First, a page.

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Messages - kf2qd

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General Mach Discussion / Re: Disabling an axis via mach
« on: August 18, 2010, 03:18:55 PM »
Do you use the dispense function in the same programs where you use the spindle function? If the answer is No then you could have 2 XML files configured and one would come up with the dispenser function  and the other would come up without the dispenser function. Otherwise you would have to go into the configuration and disable the C axis there.

Does this C axis configuration cause a preoblem when you jog, or does this only work under program operation?

What are the specs on your computer? You may need to look at what is going on in your computer and see if that is affecting A. There have been comments that 3 Axis will work fine, but that a fourth axis requires just a little more computer, or you need to look seriously at the optimization of the operating system (are you running XP or 2000) and other details like that.

General Mach Discussion / Re: twinned motors; 2 sharing 1 driver
« on: August 16, 2010, 10:34:56 AM »
2 drivers off of 1 signal is a much better solution than 2 motors off of 1 driver.

Sieg Machines / Re: KX3 spindle running slow
« on: August 13, 2010, 10:01:15 AM »
I had a problem with mine when I first set it up. It ran at max speed at anything over 2000 Rpm.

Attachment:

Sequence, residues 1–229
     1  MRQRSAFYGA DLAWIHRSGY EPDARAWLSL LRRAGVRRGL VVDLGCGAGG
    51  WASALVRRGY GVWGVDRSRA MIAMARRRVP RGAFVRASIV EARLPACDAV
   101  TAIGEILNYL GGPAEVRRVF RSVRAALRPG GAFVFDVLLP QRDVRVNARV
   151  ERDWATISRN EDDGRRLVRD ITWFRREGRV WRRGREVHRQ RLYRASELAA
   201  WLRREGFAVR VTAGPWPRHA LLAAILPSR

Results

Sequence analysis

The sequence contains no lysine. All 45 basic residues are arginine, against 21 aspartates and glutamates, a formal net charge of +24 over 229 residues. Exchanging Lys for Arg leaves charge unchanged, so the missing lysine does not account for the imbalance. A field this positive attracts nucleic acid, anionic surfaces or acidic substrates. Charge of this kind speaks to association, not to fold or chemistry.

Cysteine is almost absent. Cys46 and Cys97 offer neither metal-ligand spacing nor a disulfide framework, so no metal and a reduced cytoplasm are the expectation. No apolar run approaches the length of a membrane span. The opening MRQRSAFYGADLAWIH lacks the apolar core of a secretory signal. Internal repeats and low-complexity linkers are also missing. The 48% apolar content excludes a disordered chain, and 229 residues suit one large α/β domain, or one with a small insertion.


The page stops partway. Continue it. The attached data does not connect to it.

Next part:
My numbers under Motor Tuning/Spindle are - Stepps Per 1175, Velocity 857.4, Accel 212.76596, Step Pulse 6.

Under pulley 4 I have mini speed 100, max speed 5000, ratio 1.

The number you want to mess with is the steps per number under motor tuning.

General Mach Discussion / Re: Hobby CNC Spindle Motor Choices
« on: July 26, 2010, 12:08:34 PM »
You might take a look at wood routers. Look for one with a collet type bit holder.

I have a Dewalt- the spindle is almost 3/4 inch in diameter and has a very nice collet just like a milling machine. AND it releases without having to tap on the spindle like some collets I have used.

The price might be a bit over $200 but it is rated 2HP and I have abused it for close to 10 years now and it is still solid.

Has a variable speed pot on the router (nice for working in plastics) and a soft start. I got mine as a factory reconditioned unit.